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Proceedings Paper

Foreground object segmentation from binocular stereo video
Author(s): Kevin Law; Stan Sclaroff
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Paper Abstract

Moving cameras are needed for a wide range of applications in robotics, vehicle systems, surveillance, etc. However, many foreground object segmentation methods reported in the literature are unsuitable for such settings; these methods assume that the camera is fixed and the background changes slowly, and are inadequate for segmenting objects in video if there is significant motion of the camera or background. To address this shortcoming, a new method for segmenting foreground objects is proposed that utilizes binocular video. The method is demonstrated in the application of tracking and segmenting people in video who are approximately facing the binocular camera rig. Given a stereo image pair, the system first tries to find faces. Starting at each face, the region containing the person is grown by merging regions from an over-segmented color image. The disparity map is used to guide this merging process. The system has been implemented on a consumer-grade PC, and tested on video sequences of people indoors obtained from a moving camera rig. As can be expected, the proposed method works well in situations where other foreground-background segmentation methods typically fail. We believe that this superior performance is partly due to the use of object detection to guide region merging in disparity/color foreground segmentation, and partly due to the use of disparity information available with a binocular rig, in contrast with most previous methods that assumed monocular sequences.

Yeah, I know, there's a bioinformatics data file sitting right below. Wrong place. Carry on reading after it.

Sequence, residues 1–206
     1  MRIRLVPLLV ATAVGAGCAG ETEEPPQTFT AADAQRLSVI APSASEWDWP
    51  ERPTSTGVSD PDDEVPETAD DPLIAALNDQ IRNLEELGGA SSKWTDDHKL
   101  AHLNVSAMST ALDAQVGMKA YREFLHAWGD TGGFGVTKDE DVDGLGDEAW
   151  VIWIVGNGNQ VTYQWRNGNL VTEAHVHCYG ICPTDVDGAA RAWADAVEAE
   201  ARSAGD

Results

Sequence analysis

Paper Details

Date Published: 24 October 2005
PDF: 8 pages
Proc. SPIE 6006, Intelligent Robots and Computer Vision XXIII: Algorithms, Techniques, and Active Vision, 60060C (24 October 2005); doi: 10.1117/12.630207
Show Author Affiliations
Kevin Law, Boston Univ. (United States)
Stan Sclaroff, Boston Univ. (United States)

Published in SPIE Proceedings Vol. 6006:
Intelligent Robots and Computer Vision XXIII: Algorithms, Techniques, and Active Vision
David P. Casasent; Ernest L. Hall; Juha Röning, Editor(s)

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